Know where to set limits and say no
Some things take a lot of time and may not return much. This applies to business and time off.
Reasons to undertake a task:
- Do it if it makes some profit
- Do it if its educational in some useful way
- Do it if it builds business relationships.
- It may be worth doing if it brings some measure of personal satisfaction.
Alternatives are minimizing the item, which is satisfying it with minimal effort or time; ignoring it if it is not important; or outsourcing it.
Look at How You Spend Your Time
You can keep a log of how you spend your time. Note how much time you spend on things that you don’t put a priority on. Note how much time you spend doing nothing. If you start reconstructing time so that you have some solid results you will feel much better about things; it’s about achievement not how much time you spent (or wasted!) on an endeavour. Being creative, finishing a novel, and quality time with family are all items then need to be high on the priority list.
Make a list of Things you do want to do with your time.
This is and individual and subjective as it gets. People don’t decide what they enjoy, but they discover it over time. If you enjoy something, and it doesn’t cause problems like health issues or environmental damage, then do it and feel better for the experience.
Anything that gives a lasting result tends to be more satisfying than something that is just enjoyable for its own right. Finishing a woodwork project and displaying it or finally mastering that piece of music on you instrument of choice can give you long term satisfaction; you put in some effort and have something to show for it. Alternately, doing puzzles or videogames apparently improves mental cognition; anything that improves your mind is worth spending some time on. Anything that involves interacting with people you actually like tends to be beneficial and enjoyable, if only because of the people factor. Then again, some solitary hobbies can also be good.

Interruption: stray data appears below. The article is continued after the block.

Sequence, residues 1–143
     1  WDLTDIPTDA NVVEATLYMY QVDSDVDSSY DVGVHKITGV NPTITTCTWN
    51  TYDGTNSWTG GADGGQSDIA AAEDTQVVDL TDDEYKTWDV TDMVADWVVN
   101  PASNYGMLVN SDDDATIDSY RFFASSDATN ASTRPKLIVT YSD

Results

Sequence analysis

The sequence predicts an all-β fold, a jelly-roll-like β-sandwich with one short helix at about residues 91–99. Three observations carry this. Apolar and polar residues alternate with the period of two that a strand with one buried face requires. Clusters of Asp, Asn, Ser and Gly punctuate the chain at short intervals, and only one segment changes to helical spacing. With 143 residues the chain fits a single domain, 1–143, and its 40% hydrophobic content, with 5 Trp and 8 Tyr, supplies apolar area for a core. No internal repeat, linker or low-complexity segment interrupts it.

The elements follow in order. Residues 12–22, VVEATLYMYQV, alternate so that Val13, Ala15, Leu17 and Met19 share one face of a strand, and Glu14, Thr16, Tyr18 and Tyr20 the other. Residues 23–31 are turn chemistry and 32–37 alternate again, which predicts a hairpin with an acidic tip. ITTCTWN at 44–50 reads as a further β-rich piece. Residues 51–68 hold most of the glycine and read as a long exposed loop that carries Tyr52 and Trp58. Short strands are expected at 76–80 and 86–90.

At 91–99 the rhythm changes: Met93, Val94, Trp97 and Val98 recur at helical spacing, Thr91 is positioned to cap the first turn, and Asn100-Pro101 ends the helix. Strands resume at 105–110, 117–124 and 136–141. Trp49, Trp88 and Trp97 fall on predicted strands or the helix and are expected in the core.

Think Laterally and Creatively with Planning.
Some events have a set date. Others can be moved around, or scheduled concurrently. Try putting parties on Sunday afternoons. Everybody else uses primetime, find the gaps that others aren’t using. If you realize how much time you spend watching TV, use some of it to bake for upcoming events. Plan things while on the train ride home, and get then done when practical. If you have systematic tasks to get done (washing, checking accounts …etc.) get them done before you go to bed; you’ll sleep better when you feel the task is out of the way. If you have creative decisions to make, sleep on them. Your brain can solve things while you sleep, and provided they aren’t stressful both you and the solution tend to be more creative from this.
Whenever Possible, be in the Moment.
No life means anything if you’re not actually there. Sure, some things need to be done for the sake of a future goal, but keeping a mind on the goal will at least help a little. If it’s a social event, be people orientated; if it’s creative, enjoy it. Avoid worrying about something that you cannot change for the moment. If you do have problems than need sorting out, they will be processed in the back of your mind, and will benefit from the lower stress and positive frame of mind that comes from living in the moment and enjoying yourself.
Be People Orientated.
Religion tends to support generosity and good will, but so does social research. Accumulating money does not buy happiness, but spending it on others does seem to have a positive impact. Going out of your way to find that item somebody needs actually gives you a sense of satisfaction’ knowing your company benefits somebody else can be immensely satisfying. We’re hardwired for social interaction. Be an individual, and appreciate all the other individuals you encounter.